Support the Arctic Sea Ice Forum and Blog

Author Topic: Isostatic Rebound  (Read 3321 times)

meddoc

  • Frazil ice
  • Posts: 264
    • View Profile
  • Liked: 11
  • Likes Given: 0
Isostatic Rebound
« on: June 06, 2019, 03:03:36 PM »
So, as I haven't found any Topic dedicated to this, I think it is timely to do one.
With volcanic Activity, Earthquakes, Tsunamis, Landslides, etc ramping up.

For a Starter read about the Topic:
https://robertscribbler.com/2015/04/28/climate-changes-waking-giant-to-set-off-rash-of-volcanic-eruptions-tsunamis-earthquakes/

Then, by just simple Logic we can start connecting the Dots: Permafrost/ Ice Melt -> Tectonic Instability -> Volcanoes, Earthquakes, Tsunamis.
There's the Video Channel of Dutchsinse, with a pretty Accurate 0- 24h, Daily Foreacasts.
Unfortunately, as to the Cause, the Guy still keeps blabbering about HAARP & etc Nonsense...
However, his Forecasts turn out to be fairly accurate,

meddoc

  • Frazil ice
  • Posts: 264
    • View Profile
  • Liked: 11
  • Likes Given: 0
Re: Isostatic Rebound
« Reply #1 on: July 04, 2019, 08:44:05 PM »
Stromboli erupted yesterday

6,1 in Vancouver today
5,6 in So. California.

Only the bigger Ones reported.

sqwazw

  • New ice
  • Posts: 12
    • View Profile
  • Liked: 2
  • Likes Given: 44
Re: Isostatic Rebound
« Reply #2 on: July 05, 2019, 01:21:08 AM »
Some nice images here of the last glacial maximum in Scandinavia and England: Glacial isostatic adjustment of Scandinavia and northwestern Europe and the radial viscosity structure of the Earth's mantle

Old Ben Nevis is still slowly getting Higher.

What I find of interest to us here is Greenland. The bedrock images you see with a a large inland seas, (in the case of meltout), may be mitigated somewhat by the rebound that may already be occurring,  (has the loading decreased since LGMax?).

morganism

  • Frazil ice
  • Posts: 390
    • View Profile
  • Liked: 87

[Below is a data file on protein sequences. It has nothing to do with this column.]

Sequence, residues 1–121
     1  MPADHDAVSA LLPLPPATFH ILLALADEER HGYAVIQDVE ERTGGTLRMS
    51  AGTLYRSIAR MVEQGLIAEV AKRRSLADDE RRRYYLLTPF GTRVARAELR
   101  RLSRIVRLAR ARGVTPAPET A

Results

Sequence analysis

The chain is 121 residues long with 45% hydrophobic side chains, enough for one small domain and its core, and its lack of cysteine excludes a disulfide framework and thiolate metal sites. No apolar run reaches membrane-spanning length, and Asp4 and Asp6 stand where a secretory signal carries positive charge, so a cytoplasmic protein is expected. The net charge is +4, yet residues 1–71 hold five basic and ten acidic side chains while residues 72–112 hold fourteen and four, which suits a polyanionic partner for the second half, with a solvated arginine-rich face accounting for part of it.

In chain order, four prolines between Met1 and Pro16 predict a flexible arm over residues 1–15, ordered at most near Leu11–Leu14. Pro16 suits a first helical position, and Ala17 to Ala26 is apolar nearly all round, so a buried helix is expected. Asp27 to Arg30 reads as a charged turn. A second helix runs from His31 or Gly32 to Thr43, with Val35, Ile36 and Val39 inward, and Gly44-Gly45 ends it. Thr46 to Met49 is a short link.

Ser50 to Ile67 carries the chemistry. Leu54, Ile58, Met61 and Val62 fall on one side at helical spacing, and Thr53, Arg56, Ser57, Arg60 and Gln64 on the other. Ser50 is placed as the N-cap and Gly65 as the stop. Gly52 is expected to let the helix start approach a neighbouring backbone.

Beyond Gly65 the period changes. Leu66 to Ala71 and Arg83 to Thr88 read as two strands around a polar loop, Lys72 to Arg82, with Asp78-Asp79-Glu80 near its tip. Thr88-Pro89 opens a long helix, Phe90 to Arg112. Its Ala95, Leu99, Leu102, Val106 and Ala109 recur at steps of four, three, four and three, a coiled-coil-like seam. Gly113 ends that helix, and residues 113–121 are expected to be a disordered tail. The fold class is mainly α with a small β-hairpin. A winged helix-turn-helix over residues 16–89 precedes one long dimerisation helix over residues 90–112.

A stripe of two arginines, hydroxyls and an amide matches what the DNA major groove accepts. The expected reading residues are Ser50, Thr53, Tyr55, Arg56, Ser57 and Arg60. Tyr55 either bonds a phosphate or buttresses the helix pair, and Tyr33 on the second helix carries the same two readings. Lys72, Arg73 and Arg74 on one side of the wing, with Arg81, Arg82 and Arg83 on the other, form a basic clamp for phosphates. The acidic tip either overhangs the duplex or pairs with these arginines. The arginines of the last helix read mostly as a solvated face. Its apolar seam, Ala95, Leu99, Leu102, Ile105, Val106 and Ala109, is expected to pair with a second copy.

• Likes Given: 4
Re: Isostatic Rebound
« Reply #3 on: January 09, 2021, 04:18:34 AM »
The Earth has been spinning faster lately

"Planetary scientists are not concerned about the new finding; they have learned that there are many factors that have an impact on planetary spin—including the moon's pull, snowfall levels and mountain erosion. They also have begun wondering if global warming might push the Earth to spin faster as the snow caps and high-altitude snows begin disappearing."

https://phys.org/news/2021-01-earth-faster.html

Tor Bejnar

  • Young ice
  • Posts: 4185
    • View Profile
  • Liked: 797
  • Likes Given: 661
Re: Isostatic Rebound
« Reply #4 on: January 09, 2021, 05:58:24 AM »
Isostasy (from Wikipedia)
Quote
or isostatic equilibrium is the state of gravitational equilibrium between Earth's crust (or lithosphere) and mantle such that the crust "floats" at an elevation that depends on its thickness and density.

In relation to ice sheets
Quote
isostatic post-glacial rebound is observed in areas once covered by ice sheets that have now melted, such as around the Baltic Sea and Hudson Bay. As the ice retreats, the load on the lithosphere and asthenosphere is reduced and they rebound back towards their equilibrium levels.

Lots on Post-glacial rebound in Wikipedia
Arctic ice is healthy for children and other living things.

morganism

  • Frazil ice
  • Posts: 390
    • View Profile
  • Liked: 87
  • Likes Given: 4
Re: Isostatic Rebound
« Reply #5 on: January 10, 2021, 11:23:13 AM »
I seem to recall a paper linking water evap from rain and snow during drought in California effecting earthquakes there.

can't remember if it was frequency or amplitude....

ah..
https://www.csmonitor.com/Science/2014/0514/San-Andreas-Fault-Is-California-s-thirst-triggering-earthquakes


Chinese study reveals Three Gorges Dam triggered 3,000 earthquakes, numerous landslides
""This represents a 30-fold increase in frequency over the pre-dam period," according to Patricia Adams, executive director of Toronto-based Probe International and English editor of the translated study. "The earthquake activity especially increases when the dam operators rapidly increase or decrease the level of water in the reservoir."

Most of the quakes fell under 2.9 magnitude on the Richter scale, classifying them as "microseismic" tremors. One earthquake reached magnitude 4.1 on the Richter scale. It occurred as the dam authorities were attempting to fill the reservoir to its maximum height of 175 metres above sea level. Fan Xiao, chief engineer of the Sichuan Geology and Mineral Bureau, warns that "strong earthquakes could occur in the future as the reservoir fills because the microfractures, caused by the large number of microearthquakes, could make the area dangerously prone to a strong earthquake."

Large reservoirs are known to trigger earthquakes in a phenomenon called "Reservoir-induced Seismicity (RIS)." In a report of 19 dams in China that have suffered from RIS, 15 have geological conditions similar to Three Gorges."

https://www.geologypage.com/2018/11/oil-extraction-likely-triggered-mid-century-earthquakes-in-l-a.html